SOUTHWEST MIAMI-DADE, FLA. (WSVN) - The holiday season is here, and for many, it’s an exciting and fun time to celebrate, but for some, it means more opportunity to commit crimes.
Miami-Dade Police want people to know that they are ready to catch the Grinches who may steal your Christmas joy.
“We know that while most are trying to enjoy the holidays, some will try to steal their joy,” Miami-Dade Police Director Juan Perez said.
The department kicked off the holiday crime initiative Friday morning at the Falls in Southwest Miami-Dade.
The initiative means more uniformed and undercover officers patrolling throughout the county with a focus on malls, shopping centers and other popular areas during the holiday season.
“We’re looking for anything out of the ordinary. We’re looking for the individual that may come and walk around the parking lots instead of walking in the mall,” Officer Scott Diaz said. “Usually to us, that’s very suspicious because that means they’re watching the people. They’re not here to shop.”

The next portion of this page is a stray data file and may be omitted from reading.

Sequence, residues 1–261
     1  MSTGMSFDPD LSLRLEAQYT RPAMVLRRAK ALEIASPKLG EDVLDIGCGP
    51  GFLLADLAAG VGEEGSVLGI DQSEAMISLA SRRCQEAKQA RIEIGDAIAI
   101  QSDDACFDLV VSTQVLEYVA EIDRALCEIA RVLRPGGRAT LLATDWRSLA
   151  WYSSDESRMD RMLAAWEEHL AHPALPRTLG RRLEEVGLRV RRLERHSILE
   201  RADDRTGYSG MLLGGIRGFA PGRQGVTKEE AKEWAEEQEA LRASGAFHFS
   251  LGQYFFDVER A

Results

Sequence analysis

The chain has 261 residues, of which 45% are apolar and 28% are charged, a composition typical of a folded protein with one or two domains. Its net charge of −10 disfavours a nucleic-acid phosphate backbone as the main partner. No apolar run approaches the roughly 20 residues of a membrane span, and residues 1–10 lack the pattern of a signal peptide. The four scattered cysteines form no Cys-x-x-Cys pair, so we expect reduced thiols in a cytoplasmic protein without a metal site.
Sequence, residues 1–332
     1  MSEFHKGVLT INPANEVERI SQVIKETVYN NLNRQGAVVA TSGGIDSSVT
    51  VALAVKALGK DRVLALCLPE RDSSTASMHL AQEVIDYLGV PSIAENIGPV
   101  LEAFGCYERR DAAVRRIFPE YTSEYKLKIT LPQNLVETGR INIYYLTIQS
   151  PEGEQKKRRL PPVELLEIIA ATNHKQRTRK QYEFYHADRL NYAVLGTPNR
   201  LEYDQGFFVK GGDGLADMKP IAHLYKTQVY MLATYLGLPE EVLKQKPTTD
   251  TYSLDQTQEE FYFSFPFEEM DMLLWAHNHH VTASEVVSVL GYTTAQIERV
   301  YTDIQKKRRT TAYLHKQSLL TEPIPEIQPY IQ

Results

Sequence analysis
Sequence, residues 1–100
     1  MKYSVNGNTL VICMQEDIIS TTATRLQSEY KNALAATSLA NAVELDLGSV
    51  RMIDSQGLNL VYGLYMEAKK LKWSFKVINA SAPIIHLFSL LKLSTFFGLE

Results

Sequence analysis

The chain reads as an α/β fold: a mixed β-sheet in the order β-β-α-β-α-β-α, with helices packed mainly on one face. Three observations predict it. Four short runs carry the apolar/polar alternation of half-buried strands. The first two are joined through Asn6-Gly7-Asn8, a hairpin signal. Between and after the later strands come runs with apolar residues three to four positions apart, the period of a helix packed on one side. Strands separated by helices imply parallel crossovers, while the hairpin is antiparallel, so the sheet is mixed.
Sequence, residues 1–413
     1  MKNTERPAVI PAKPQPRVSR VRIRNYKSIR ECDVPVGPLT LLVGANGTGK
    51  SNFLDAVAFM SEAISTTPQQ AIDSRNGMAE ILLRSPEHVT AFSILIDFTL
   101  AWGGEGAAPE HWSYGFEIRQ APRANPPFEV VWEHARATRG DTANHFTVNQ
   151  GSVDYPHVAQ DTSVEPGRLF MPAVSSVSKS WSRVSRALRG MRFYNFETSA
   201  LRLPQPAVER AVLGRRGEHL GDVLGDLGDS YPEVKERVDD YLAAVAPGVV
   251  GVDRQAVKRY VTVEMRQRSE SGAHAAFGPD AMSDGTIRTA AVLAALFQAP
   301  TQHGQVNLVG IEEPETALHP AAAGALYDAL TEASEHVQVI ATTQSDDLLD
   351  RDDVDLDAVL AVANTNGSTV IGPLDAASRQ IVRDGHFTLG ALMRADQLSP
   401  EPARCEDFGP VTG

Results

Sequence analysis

However, police said there is a lot people can do to protect themselves. They recommend that they pay attention to what’s happening around them, and if they see something, say something.
“The most important thing is to remember that no tip is too small,” Miami-Dade Police Maj. Brian Rafy said.
“These measures may include being alert about their surroundings at all times, parking in well lit areas, following the Lock It or Lose It campaign,” Perez said.
It’s also important to remember when people are bringing their items back to their car, be sure to put them in the trunk and not in the back seat in plain view, especially if they are going back for more, and always lock the vehicle’s doors.
“There are people that are coming to the malls that are going to dedicate themselves to ruining your holidays,” Perez said. “They’re going to look into vehicles. They’re going to try door handles. They’re going to be peering through glass.”
Perez added that car break-ins happen year-round, but there are more during the holidays. That is why he says the more people are looking out for each other, the more helpful for officers.
“People are very good about reporting things, and if they see something suspicious, they do give us a call,” Diaz said.
“What we’re asking is everybody to do their part. We will do the apprehension. We will do the arrest. We will come to the aid, but it takes all of us to keep us safe. All of us,” Perez said.
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